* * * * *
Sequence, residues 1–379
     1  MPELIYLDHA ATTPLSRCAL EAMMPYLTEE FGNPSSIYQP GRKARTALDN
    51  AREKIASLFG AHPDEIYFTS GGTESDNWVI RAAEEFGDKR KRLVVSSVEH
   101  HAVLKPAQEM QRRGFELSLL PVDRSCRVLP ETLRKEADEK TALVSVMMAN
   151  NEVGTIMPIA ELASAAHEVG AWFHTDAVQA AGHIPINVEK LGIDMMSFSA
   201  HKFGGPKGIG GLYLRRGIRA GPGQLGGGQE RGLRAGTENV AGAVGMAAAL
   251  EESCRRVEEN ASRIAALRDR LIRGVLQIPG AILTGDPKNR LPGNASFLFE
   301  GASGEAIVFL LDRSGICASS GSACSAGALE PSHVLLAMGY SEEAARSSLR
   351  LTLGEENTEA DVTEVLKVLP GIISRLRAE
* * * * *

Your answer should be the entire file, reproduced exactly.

Sequence, residues 1–379
     1  MPELIYLDHA ATTPLSRCAL EAMMPYLTEE FGNPSSIYQP GRKARTALDN
    51  AREKIASLFG AHPDEIYFTS GGTESDNWVI RAAEEFGDKR KRLVVSSVEH
   101  HAVLKPAQEM QRRGFELSLL PVDRSCRVLP ETLRKEADEK TALVSVMMAN
   151  NEVGTIMPIA ELASAAHEVG AWFHTDAVQA AGHIPINVEK LGIDMMSFSA
   201  HKFGGPKGIG GLYLRRGIRA GPGQLGGGQE RGLRAGTENV AGAVGMAAAL
   251  EESCRRVEEN ASRIAALRDR LIRGVLQIPG AILTGDPKNR LPGNASFLFE
   301  GASGEAIVFL LDRSGICASS GSACSAGALE PSHVLLAMGY SEEAARSSLR
   351  LTLGEENTEA DVTEVLKVLP GIISRLRAE